From Westy's remarkable run to how Bryson broke Rory, Alex Perry wraps up the week's talking points in The Slam

Hello. Welcome to this week’s Slam, which will almost certainly just be a 500-word ode to Lee Westwood and Helen Storey.

Before the final round at the Players Championship, Westwood was asked whether or not, should he got on to win, it would be the biggest title of his career.

“Undoubtedly,” he replied.

When pushed to elaborate, he quipped: “It would be the biggest tournament I’ve ever won.”

He may not have held on, but ask him to discuss the secret behind his success and he’ll likely point to his right-hand woman – fiancée and caddie Storey.

Westwood shocked the golf world in 2018 when he split with long-term bagman Billy Foster after a rotten run of form and opted to offer his girlfriend the job. But it paid dividends and in their opening outing together Westwood just missed out on his first title for four years when he lost in a play-off at the Made in Denmark. Two months later he won the Nedbank Challenge – the second biggest of his then 24 European Tour victories – and in January last year he added the Abu Dhabi HSBC Championship for No 25.

That kicked off a season that would see him win a record-breaking Race to Dubai title.

“At my stage of my career, there’s not a lot a caddie can tell me,” Westwood said when asked about Storey’s influence, and sounding like he’s had to explain himself time and time again.

“But obviously Helen gets me in a fantastic mood out there, and psychologically she can help me and say the things that I need to hear.

“She helps me in that aspect an immeasurable amount.”

Storey – a personal trainer by trade – has undoubtedly helped Westwood an immeasurable amount off the course too. At 47, the Englishman is in the best shape of his life. Of all the bizarre things that have happened over the course of the last year, Westwood posting clips on social media of him smashing it in the gym is right up there.

The reason Westwood was discussing Storey’s impact on his career was, interestingly, due to some comments from Bryson DeChambeau.

The pair went toe-to-toe at Bay Hill last week and DeChambeau, who emerged triumphant at Arnie’s place, explained how Storey is keeping Westwood “steady and level-headed”.

“She’s a rock,” DeChambeau added. “She keeps his mind focused on the right things and she’s been awesome for him. That’s one of his secret weapons.”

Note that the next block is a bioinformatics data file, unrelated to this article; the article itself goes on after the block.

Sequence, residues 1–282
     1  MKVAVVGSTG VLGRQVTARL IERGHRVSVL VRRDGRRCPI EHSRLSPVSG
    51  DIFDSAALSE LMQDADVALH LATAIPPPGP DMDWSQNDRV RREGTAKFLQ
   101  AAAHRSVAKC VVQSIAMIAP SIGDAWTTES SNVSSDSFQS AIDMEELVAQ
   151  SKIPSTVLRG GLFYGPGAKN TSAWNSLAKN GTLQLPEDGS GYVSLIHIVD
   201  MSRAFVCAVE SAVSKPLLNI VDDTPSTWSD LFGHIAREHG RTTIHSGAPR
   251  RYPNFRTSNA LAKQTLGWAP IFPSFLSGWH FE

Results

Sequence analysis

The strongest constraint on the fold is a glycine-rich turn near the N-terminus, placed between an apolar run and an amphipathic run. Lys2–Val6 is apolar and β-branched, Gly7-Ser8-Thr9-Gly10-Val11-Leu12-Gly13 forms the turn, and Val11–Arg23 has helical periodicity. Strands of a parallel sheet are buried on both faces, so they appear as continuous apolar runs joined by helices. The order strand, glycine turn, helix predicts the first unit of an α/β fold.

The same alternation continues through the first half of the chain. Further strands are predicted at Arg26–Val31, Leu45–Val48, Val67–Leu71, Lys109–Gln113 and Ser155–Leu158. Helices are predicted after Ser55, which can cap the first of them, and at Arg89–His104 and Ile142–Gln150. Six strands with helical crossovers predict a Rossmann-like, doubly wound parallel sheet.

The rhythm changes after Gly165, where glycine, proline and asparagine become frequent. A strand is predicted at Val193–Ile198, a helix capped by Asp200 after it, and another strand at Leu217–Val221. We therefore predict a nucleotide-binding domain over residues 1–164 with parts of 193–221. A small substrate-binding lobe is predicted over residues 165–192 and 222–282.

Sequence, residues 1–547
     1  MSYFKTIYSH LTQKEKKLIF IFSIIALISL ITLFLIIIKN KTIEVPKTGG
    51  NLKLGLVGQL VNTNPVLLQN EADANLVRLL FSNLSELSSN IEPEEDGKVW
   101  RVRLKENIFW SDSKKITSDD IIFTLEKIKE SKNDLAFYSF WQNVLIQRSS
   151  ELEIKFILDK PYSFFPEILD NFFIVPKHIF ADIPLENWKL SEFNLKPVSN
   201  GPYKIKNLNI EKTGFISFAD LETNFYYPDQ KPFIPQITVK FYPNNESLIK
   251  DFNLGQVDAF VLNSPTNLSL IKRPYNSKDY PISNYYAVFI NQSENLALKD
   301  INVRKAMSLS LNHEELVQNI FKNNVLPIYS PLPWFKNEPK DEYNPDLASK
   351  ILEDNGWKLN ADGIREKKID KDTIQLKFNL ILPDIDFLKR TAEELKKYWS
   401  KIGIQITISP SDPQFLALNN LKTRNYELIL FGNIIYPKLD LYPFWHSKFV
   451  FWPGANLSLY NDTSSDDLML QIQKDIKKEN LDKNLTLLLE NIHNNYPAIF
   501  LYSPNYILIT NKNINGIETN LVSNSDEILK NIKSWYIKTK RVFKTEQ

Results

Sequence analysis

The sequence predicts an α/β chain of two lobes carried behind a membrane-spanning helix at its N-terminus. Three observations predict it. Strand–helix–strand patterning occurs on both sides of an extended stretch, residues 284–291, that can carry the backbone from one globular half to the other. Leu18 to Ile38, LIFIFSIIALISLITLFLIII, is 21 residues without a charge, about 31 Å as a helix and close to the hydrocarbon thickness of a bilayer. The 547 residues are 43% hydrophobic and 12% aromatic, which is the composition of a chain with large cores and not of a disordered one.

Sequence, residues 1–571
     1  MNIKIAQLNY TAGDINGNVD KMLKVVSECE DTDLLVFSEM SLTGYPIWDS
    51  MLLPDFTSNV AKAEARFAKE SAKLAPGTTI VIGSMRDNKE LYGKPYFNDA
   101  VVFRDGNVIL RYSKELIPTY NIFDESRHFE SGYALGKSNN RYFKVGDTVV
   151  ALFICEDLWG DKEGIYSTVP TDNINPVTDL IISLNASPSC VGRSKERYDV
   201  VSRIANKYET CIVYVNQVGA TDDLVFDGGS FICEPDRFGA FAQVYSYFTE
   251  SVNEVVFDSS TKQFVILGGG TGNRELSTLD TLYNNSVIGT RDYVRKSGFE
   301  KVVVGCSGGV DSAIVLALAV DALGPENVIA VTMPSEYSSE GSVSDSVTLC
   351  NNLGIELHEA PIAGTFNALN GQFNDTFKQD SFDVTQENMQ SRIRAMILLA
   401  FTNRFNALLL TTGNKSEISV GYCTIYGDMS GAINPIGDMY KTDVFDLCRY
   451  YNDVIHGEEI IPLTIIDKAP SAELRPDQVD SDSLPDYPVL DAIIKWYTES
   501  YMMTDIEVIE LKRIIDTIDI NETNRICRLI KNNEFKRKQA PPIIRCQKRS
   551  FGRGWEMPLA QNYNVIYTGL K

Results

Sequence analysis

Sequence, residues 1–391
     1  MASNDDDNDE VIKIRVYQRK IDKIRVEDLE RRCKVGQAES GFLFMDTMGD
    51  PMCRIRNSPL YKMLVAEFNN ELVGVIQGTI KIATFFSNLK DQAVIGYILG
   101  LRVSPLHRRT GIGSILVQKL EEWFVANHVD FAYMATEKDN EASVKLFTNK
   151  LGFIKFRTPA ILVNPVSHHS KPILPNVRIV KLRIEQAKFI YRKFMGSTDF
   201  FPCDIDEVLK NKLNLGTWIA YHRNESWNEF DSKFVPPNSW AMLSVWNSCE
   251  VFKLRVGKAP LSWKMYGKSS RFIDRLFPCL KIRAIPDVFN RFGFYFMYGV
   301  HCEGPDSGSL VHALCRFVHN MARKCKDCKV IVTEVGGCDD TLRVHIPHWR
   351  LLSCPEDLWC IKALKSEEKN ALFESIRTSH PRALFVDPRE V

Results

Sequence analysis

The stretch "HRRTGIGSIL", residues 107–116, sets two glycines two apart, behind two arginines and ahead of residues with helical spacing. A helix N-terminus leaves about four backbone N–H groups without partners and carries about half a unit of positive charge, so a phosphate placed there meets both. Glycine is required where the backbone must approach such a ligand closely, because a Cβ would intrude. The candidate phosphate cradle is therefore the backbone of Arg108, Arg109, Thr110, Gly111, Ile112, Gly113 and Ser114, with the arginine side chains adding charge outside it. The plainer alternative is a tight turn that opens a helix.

I don’t know how Westwood and Storey manage their financial situation, but if she gets him over the line for a maiden major at any point in the coming years, she’ll be worth her weight in gold. Or green. Or claret. You see where I’m going with this…

Thought for the day

Remember when Steve Williams was the highest-paid sportsman in New Zealand while winning major after major with Tiger Woods? Helen Storey can’t be far off being the highest-paid sportswoman in the UK, which says a lot more about the respect – and financial investment – given to female athletes in this country than it does Westwood’s resurgence.

JT reigns at Sawgrass

After a patchy and controversial start to 2021, Justin Thomas is back to doing what he does best by winning golf tournaments. And what a way to do it, carding weekend rounds of 64 and 68 at TPC Sawgrass to win the Players for his 14th PGA Tour title.

How Bryson broke Rory

This week in ‘Rory McIlroy Opens Up’, the four-time major champion made a remarkable admission about how Bryson DeChambeau’s US Open win affected him.

Asked about how he’s feeling about his game at the moment, McIlroy said: “The slightest change in your swing is going to feel uncomfortable for a while.

“It’s not like it’s that far away. I go back to last September, October where it looked and felt pretty good, so it’s just a matter of not erasing the stuff – I’d still like to keep the speed and what I’ve been able to – but just not make the swings that are producing that speed.”

Rewind. Swing changes?

“I’d be lying if I said it wasn’t anything to do with what Bryson did at the US Open,” McIlroy explained. “A lot of people saw that and were like, ‘Whoa!’ If this is the way they’re going to set golf courses up in the future, it helps. It really helps.

“The one thing people don’t appreciate is how good Bryson is out of the rough. Not only because of how upright he is but because his short irons are longer than standard, so he can get a little more speed through the rough than us.

“I thought being able to get some more speed is a good thing. To the detriment of my swing, I got there, but I just need to maybe rein it back in a little bit.”

Why do you do this to us, Rors?

Worst shots of the week

Best shots are boring, aren’t they? So here are a couple of pearlers that will make the hackiest of hackers feel better about their game.

It was a day to forget for Bryson DeChambeau, whose final round was summed up by a stone-cold top on the 4th hole that went 140-yards into the drink. (Viewer discretion advised.)

Talking of stone cold, Brendon Todd hit a shank on the one hole you don’t want to hit one on.

His piper almost found the other island in the lake that houses the 17th green. As it was, it just missed it and succumbed to a watery grave.

If you’re wondering what the options are should you somehow land your ball on the other island, you can either re-tee or take a drop, or you can swim out there and play your original ball.

And finally…

How would you like to be at TPC Sawgrass next year as a VIP guest of National Club Golfer?

That’s the grand prize up for grabs with the spectacular NCG Top 100s Tour. Get involved. (Even if you don’t win, you’ll have an incredible day out.)

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